The 18th Amendment to the United States Constitution made it illegal to sell, manufacture, and transport alcohol. Proposed to Senate on Dec. 18, 1917, it was approved by 36 states, ratified on Jan. 16, 1919, and went into effect on Jan. 17, 1920. The Volstead Act set out rules for enforcing the ban as well as defined the types of alcohol included under the ban.
Prohibition led to widespread flouting of the law by otherwise law-abiding citizens and paved the way for a powerful, lucrative, and violent black market dominated by organized crime and corruption. Chicago’s most notorious gangsters made their fortunes during this chaotic time, criminals like Al Capone and Bugs Moran made millions running speakeasies throughout the Chicago area. Prohibition lasted until Dec. 5 1933 when the 21st Amendment repealed the alcohol ban set out in the 18th.
One of the most interesting periods of American history, the chaos, illness, and death associated with Prohibition demonstrated without a doubt that it was a flawed approach to dealing with the problem of public drunkenness. Collector’s items from the time period continue to be popular pieces including these great examples:
Medicinal Whiskey Prescription Forms
The only way it was legal to drink during prohibition was to be granted a prescription from a doctor. These mint condition prescription slips were issued by the Treasure Department and were usually used for Whiskey or Spirits Frumenti although they were occasionally awarded for wine or brandy as well. Printed on beautiful paper, these forms measure 8.5” x 4.5” and feature the original watermarks. Asking price: $19.99 + shipping.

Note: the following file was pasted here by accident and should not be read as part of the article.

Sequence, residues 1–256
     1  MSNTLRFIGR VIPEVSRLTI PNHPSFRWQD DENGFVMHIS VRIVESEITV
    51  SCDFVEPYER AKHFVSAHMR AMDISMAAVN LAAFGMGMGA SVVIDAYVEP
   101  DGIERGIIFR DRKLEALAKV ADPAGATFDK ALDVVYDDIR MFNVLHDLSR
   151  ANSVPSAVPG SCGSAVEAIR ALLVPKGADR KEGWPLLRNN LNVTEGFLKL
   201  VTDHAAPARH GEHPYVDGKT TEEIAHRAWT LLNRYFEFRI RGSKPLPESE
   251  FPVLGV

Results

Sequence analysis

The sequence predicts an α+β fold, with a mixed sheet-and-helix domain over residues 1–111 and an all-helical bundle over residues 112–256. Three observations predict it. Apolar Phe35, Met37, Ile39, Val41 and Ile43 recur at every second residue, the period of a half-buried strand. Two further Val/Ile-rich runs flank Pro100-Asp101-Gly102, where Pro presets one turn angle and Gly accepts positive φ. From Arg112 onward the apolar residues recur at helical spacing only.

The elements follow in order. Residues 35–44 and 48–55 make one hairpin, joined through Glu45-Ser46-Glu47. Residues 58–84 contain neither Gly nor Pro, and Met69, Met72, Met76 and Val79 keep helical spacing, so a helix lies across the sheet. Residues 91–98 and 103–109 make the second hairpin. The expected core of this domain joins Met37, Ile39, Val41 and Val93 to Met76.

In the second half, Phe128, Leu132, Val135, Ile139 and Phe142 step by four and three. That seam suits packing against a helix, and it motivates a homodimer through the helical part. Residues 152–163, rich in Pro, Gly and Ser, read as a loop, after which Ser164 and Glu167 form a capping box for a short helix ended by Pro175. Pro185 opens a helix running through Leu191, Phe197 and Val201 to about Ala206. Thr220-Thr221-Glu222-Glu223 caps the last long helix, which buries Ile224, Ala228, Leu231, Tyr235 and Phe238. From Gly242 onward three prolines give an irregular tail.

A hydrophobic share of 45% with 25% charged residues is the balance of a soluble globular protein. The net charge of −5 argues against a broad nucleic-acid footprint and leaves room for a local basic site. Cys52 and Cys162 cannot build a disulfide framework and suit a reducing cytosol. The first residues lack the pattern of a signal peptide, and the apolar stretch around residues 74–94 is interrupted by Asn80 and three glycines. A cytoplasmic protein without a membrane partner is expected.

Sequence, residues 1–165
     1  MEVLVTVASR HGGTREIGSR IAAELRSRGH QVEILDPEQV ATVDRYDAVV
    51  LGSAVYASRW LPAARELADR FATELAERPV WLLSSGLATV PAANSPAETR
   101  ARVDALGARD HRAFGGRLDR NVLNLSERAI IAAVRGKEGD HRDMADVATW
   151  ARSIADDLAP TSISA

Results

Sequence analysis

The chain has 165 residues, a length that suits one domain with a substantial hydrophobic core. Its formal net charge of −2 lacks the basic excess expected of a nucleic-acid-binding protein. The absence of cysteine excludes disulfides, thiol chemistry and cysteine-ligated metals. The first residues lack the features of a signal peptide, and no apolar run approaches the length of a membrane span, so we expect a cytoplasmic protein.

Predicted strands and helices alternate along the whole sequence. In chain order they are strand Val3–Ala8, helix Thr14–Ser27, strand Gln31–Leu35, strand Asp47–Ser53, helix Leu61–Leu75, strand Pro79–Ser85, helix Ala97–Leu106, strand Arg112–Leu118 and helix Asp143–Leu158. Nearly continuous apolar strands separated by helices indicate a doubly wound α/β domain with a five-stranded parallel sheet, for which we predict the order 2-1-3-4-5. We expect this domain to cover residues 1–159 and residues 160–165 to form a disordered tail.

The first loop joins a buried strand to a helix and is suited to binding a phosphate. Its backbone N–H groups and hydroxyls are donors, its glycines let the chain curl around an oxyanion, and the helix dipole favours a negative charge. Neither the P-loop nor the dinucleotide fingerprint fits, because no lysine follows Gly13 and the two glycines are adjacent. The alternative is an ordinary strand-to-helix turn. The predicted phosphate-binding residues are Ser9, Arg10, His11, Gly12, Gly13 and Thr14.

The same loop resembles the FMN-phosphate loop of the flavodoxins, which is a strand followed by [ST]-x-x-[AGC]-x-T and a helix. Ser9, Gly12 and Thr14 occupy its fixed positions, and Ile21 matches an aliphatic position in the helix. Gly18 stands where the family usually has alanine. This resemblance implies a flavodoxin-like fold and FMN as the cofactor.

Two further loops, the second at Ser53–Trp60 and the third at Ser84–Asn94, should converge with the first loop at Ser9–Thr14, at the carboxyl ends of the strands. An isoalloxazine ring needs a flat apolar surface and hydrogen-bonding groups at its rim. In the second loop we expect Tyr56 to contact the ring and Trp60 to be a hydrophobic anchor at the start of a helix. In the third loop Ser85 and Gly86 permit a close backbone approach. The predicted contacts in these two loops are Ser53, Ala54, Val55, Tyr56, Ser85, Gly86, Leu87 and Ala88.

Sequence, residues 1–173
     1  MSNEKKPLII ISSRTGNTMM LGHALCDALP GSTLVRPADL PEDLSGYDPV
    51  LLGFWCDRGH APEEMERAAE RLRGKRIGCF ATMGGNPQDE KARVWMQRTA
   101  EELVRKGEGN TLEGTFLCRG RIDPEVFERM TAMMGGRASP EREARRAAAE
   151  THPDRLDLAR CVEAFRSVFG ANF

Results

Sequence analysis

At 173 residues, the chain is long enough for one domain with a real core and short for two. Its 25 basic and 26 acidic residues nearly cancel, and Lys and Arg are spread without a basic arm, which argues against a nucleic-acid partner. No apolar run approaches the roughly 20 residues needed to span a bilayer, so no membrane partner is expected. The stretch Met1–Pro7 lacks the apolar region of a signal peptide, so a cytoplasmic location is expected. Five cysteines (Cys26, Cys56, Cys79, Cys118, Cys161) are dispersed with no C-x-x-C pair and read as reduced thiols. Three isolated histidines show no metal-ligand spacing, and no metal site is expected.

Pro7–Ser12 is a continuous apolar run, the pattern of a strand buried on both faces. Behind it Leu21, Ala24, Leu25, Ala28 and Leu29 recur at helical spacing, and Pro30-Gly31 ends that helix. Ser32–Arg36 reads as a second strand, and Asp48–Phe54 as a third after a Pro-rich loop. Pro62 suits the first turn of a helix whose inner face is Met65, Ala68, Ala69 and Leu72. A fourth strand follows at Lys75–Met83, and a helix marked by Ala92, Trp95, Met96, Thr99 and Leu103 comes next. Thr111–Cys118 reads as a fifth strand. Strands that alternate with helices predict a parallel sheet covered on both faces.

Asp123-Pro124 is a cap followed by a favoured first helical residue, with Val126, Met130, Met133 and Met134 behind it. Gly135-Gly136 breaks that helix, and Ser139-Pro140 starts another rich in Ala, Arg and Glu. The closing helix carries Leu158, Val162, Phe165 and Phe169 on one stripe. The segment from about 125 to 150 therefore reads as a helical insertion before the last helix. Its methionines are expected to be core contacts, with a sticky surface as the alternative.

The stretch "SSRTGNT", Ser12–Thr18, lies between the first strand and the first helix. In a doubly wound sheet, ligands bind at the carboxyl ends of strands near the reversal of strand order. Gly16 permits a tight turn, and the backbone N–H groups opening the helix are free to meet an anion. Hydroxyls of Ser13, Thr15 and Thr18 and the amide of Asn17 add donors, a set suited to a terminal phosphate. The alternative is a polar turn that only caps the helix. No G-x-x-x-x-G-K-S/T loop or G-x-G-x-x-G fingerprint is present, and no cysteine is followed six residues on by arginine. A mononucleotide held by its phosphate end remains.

Gibson Distilling Whiskey Crate
This beautiful old crate features the Gibson Distillery lettering and design and held 24 pints of “Non-Beverage Pure Rye Whiskey” manufactured prior to Prohibition coming into effect. Labeled “For Medicinal Purposes Only” this liquor would have been distilled beginning in 1913 and bottled in autumn of 1924 and was 100 proof. A great place to store your secrets or just an interesting display piece, the charming wood burned design is a great addition to any Prohibition collection. Asking price: $299 + shipping.
This great collection of six photographs taken during Prohibition demonstrates quite clearly the effectiveness of the ban against alcohol. Featuring a Model A Roadster or Touring in the background, this collection shows how the average person was still able to enjoy their drink of choice despite the illegality of purchasing, consuming, and transporting alcohol. Measuring 4.5” x 2.75”, these photos show small signs of being in an album but are in excellent condition and would make a great addition to your collection. Asking price: $14.50 + shipping.